As I’m writing this blog post, there is a lot of uncertainty surrounding the future of education for elementary and secondary school students during the next several months. The coronavirus pandemic has disrupted the usual way in which students are taught in educational institutions. This disruption in learning can be especially detrimental to grade 11 and 12 students aiming to receive a university education in the near future. Grade 11 students will be unprepared for some grade 12 courses, if they are to fall behind in their learning now, while grade 12 students will be unprepared for some of the courses that they will be taking in their first year of university. At this time, the goal is for students to not fall behind and avoid significant gaps in their knowledge as they move to a higher grade or go on to study at a postsecondary institution.
Stephen Lecce, the minister of education, has announced that students are encouraged to use the educational resources on the new Learn at Home website (https://lah.elearningontario.ca/). By examining the courses that are offered so far, it appears that many of the Ontario courses that students are currently enrolled in at school are not accessible at this point and are coming soon. Little is known about when the majority of Ontario courses will be online. Mr. Lecce also mentioned that there will be TVO tutors on hand to support students, but it is unlikely that TVO employs thousands of tutors that will be necessary to meet student demand.
In the next few weeks, it is likely that some public and private schools will transition to online learning. Students will be expected to go through curriculum without the same degree of teacher direction and support that they previously received when they were in a physical classroom. For this reason, students would greatly benefit from one-on-one instruction that a tutor could offer. The role of the tutor would be to assess each student’s level of understanding and to fill in any gaps in knowledge that may result from independent learning. The tutor could also guide students through the curriculum.
I’ve transitioned to tutoring all my students online as an alternative to meeting my students in person in order to minimize the spread of COVID-19 within our community. I’m looking to take on new students because of the additional time that I have available during the day since the school I work at is closed for the foreseeable future. I have several years of experience tutoring students online. I have the technology and resources available to me that can make tutoring students online just as effective as having a session in person. I hold online sessions over Zoom and Skype. Skype has come along way when it comes to connectivity. Over the last couple weeks, I have noticed minimal connectivity issues and the video and audio quality has been good with both platforms. I have a Surface Pro device with a stylus and the Microsoft Office suite of applications. I use OneNote to write on documents and share my screen with students, so they are able to see what I’m writing. I also share resources that I use during sessions with my students. I have taught the courses that I tutor in the past, so I have accumulated learning resources for all the courses that I offer tutoring in, such as course packs, worksheets, quizzes, and tests.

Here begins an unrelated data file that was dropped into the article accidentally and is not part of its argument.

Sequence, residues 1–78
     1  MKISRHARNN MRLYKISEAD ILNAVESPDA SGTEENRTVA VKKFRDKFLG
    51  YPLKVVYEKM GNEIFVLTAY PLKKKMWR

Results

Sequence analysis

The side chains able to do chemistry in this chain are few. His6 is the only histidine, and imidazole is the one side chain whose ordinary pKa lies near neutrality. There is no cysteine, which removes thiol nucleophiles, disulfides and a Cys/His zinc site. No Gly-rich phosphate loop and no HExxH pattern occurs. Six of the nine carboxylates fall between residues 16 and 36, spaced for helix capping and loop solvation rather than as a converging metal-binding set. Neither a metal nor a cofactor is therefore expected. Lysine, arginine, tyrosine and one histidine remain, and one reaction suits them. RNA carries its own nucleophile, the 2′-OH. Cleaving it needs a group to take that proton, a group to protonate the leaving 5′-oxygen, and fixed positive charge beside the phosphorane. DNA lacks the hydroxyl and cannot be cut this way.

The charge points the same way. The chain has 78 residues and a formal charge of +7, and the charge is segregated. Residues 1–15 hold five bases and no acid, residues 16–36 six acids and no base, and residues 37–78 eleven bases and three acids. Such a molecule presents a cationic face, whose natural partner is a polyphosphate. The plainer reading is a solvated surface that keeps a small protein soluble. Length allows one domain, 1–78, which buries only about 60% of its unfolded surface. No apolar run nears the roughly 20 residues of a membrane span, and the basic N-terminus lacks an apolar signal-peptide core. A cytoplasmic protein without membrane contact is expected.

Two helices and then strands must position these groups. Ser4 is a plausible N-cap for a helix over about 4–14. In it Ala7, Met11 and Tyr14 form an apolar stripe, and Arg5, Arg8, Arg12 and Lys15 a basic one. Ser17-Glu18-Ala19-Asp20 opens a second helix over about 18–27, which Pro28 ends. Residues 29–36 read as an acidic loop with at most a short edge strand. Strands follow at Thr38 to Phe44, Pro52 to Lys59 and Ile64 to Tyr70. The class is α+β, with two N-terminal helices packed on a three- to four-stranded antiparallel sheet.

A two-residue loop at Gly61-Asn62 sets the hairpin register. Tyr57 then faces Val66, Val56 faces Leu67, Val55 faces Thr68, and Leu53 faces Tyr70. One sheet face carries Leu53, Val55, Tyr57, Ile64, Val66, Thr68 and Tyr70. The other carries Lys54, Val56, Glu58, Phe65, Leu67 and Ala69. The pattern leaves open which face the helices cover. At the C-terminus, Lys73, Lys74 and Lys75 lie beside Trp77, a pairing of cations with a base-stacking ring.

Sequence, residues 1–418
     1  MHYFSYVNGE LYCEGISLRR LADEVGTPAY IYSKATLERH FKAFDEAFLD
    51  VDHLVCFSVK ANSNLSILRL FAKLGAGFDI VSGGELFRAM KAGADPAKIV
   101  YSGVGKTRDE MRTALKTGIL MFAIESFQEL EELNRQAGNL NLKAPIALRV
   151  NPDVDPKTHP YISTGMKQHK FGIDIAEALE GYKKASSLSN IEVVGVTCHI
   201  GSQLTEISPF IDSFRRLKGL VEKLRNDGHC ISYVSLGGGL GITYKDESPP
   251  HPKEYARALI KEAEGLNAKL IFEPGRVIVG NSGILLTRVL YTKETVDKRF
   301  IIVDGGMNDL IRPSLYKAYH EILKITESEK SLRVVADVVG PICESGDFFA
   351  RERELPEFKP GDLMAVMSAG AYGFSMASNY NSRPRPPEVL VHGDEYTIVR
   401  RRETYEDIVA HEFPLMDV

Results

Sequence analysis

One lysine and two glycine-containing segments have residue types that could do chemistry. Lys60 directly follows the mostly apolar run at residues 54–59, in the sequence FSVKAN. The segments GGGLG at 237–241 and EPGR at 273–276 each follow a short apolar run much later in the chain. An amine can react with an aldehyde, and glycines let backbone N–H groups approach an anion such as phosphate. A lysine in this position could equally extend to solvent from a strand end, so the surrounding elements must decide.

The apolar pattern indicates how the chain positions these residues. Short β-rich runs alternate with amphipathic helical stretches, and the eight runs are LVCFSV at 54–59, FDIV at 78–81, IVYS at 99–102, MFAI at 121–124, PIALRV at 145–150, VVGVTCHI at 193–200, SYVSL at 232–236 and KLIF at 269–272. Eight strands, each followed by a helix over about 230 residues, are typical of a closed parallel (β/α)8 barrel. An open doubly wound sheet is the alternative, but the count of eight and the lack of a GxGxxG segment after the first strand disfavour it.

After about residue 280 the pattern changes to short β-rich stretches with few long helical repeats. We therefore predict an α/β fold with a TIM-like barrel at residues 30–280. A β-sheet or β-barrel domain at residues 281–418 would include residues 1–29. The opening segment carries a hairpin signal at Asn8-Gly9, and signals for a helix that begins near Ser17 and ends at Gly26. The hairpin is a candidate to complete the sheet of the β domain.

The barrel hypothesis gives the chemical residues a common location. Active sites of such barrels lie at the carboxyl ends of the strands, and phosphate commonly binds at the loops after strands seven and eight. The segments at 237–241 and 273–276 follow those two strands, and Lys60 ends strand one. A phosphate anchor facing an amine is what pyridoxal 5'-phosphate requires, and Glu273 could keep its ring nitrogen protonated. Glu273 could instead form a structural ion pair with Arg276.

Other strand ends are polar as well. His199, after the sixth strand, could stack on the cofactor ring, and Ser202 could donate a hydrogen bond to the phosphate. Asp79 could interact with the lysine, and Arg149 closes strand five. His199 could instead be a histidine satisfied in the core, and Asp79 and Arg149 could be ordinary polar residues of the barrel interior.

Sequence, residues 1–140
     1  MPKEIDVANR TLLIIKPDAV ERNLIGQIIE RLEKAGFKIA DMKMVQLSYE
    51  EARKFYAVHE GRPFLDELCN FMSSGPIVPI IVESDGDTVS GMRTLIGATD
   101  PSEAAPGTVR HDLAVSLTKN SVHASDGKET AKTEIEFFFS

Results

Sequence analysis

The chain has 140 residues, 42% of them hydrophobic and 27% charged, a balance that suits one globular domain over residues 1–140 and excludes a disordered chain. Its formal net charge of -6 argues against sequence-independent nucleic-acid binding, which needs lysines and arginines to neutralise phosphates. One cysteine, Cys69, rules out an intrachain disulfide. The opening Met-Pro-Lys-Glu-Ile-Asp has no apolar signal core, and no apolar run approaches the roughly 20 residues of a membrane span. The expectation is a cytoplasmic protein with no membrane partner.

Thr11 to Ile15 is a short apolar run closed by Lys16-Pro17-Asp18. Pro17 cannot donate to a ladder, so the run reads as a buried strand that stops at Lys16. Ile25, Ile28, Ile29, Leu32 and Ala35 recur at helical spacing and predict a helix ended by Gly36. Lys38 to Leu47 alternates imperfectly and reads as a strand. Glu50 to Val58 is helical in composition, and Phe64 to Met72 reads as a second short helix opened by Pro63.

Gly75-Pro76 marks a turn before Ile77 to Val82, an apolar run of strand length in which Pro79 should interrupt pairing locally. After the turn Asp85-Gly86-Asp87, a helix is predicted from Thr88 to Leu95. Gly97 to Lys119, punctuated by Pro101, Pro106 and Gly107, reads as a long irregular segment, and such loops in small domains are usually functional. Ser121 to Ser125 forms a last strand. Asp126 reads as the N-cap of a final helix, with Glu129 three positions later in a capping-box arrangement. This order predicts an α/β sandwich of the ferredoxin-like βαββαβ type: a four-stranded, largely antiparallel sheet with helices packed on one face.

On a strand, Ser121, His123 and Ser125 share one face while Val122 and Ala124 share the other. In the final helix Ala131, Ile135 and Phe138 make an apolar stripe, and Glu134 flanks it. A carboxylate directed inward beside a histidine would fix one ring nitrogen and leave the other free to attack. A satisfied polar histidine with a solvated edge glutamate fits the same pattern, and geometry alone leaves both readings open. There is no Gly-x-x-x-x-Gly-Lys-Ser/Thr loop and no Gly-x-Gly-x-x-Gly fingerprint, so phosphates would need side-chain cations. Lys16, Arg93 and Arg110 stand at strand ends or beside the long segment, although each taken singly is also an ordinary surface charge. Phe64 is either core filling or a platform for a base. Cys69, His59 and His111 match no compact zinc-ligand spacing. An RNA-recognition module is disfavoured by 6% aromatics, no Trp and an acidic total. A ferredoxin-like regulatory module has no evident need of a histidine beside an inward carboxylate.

I have also been going over the IB and AP curriculum with some of my students. I have students that are planning on writing AP exams next May that have already begun studying for them ahead of time. I’m helping them get a head start on all the content that they have to cover and learn over the next year by guiding them through the material. Fortunately, the technology that we have at our disposable has allowed for us to continue to stay connected and for learning to go on.